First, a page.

Common cause

Even after Operation Ivy, Jesse Michaels is one of the Last Wave Rockers

Michaels isn't complaining -- he's honored that Operation Ivy still has such a large and devoted following -- but Common Rider is his new opportunity, not an attempt to relive former glories. If he wanted that, he would've gotten around to it sooner. While Armstrong and Freeman formed the platinum-punk Rancid and drummer Dave Mello founded Schlong, Michaels simply disappeared. Rumors circulated that he had renounced worldly possessions and retreated to a Buddhist monastery in Northern California. Or had he moved to Africa? Tibet? There was that most dreaded of celebrity rumors, that he'd contracted AIDS. "I did live at the Zen Center in Marin for a year," Michaels explains. "For me, Buddhism is a way to look at a deeper side of life. But I definitely never renounced worldly possessions."

The other rumors, Michaels says, are "absolutely untrue. I spent three years in Florida. The Berkeley punk scene was pretty crazy back then, and I wanted to move somewhere that was a bit slower. In 1993 I did this project called Big Rig. I lived in Pittsburgh." Michaels pauses briefly and shrugs. "You see, Tim [Armstrong] and Matt [Freeman] knew from a very young age that they wanted to be musicians. I didn't."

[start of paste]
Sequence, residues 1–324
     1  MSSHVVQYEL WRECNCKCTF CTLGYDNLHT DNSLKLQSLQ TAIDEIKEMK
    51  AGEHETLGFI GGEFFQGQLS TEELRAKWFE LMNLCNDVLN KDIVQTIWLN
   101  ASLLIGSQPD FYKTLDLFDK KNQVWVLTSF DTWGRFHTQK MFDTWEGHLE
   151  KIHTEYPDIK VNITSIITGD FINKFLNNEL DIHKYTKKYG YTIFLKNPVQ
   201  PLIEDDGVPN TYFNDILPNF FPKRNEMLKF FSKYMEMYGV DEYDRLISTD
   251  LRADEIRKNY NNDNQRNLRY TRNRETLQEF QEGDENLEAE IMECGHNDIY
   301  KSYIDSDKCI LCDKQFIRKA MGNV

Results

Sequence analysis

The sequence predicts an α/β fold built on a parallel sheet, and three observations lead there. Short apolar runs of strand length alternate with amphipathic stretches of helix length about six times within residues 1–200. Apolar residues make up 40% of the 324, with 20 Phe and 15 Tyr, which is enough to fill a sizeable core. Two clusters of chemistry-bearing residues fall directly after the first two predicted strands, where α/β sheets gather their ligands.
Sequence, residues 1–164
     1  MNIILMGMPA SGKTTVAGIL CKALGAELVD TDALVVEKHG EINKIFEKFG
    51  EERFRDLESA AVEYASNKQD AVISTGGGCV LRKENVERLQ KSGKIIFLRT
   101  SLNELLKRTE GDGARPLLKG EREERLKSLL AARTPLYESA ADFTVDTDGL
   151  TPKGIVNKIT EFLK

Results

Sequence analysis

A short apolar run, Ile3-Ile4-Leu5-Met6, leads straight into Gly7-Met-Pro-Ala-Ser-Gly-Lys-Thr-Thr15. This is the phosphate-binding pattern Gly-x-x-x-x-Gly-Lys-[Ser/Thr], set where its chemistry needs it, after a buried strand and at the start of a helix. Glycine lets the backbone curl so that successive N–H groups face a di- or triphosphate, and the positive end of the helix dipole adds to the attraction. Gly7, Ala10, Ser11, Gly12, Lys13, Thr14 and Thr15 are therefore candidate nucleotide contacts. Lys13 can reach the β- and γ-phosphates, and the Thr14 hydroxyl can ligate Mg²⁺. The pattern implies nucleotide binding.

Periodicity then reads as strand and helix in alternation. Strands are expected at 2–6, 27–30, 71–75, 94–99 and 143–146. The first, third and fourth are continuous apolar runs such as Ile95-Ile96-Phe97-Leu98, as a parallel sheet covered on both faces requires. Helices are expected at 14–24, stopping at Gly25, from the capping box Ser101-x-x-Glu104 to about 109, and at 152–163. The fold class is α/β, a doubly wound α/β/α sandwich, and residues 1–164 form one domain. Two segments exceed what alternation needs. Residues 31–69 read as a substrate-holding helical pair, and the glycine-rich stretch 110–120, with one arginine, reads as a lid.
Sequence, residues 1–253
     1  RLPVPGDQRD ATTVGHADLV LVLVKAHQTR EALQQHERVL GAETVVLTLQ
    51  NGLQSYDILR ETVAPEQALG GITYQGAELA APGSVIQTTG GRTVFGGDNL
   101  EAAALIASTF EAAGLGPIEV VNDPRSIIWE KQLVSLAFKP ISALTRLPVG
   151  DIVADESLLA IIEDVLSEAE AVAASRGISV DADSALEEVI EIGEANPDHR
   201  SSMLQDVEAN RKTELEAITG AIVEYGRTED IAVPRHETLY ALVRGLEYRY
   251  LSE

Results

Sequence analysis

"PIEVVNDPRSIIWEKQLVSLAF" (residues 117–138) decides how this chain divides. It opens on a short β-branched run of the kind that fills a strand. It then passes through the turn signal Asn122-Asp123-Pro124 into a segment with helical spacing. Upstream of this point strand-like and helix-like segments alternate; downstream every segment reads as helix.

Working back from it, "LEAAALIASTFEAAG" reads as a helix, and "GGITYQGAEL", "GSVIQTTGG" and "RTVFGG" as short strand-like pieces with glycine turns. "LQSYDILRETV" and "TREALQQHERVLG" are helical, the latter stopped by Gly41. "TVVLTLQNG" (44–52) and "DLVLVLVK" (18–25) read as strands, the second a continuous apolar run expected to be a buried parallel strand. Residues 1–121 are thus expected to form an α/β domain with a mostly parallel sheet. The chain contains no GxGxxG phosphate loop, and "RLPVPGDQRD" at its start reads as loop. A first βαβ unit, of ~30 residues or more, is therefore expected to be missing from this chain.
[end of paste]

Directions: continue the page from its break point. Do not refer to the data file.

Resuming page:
Jesse Michaels, right, looks more like a grad student than a punk rock icon.
Jesse Michaels, right, looks more like a grad student than a punk rock icon.

As for the success of his former bandmates and friends in Rancid and Green Day, he's sympathetic and supportive. "I'm happy for them," he says. "I totally support them and respect their choices. I know it sounds diplomatic, but it's true. They're still the exact same guys, you know? It's higher stakes for them now." Michaels cautions that he doesn't necessarily have the same aspirations as Rancid and Green Day, though new projects are in the works. Two new tracks will be featured on upcoming samplers from East Bay labels Adeline and Lookout, and a new album is slated for release before the end of the year. "I've never played a show larger than the Great American," says Michaels. "I might try something larger and think it sucks, or I might fall in love with it. One thing I'm sure of is we're going to perform, one way or the other. A lot."

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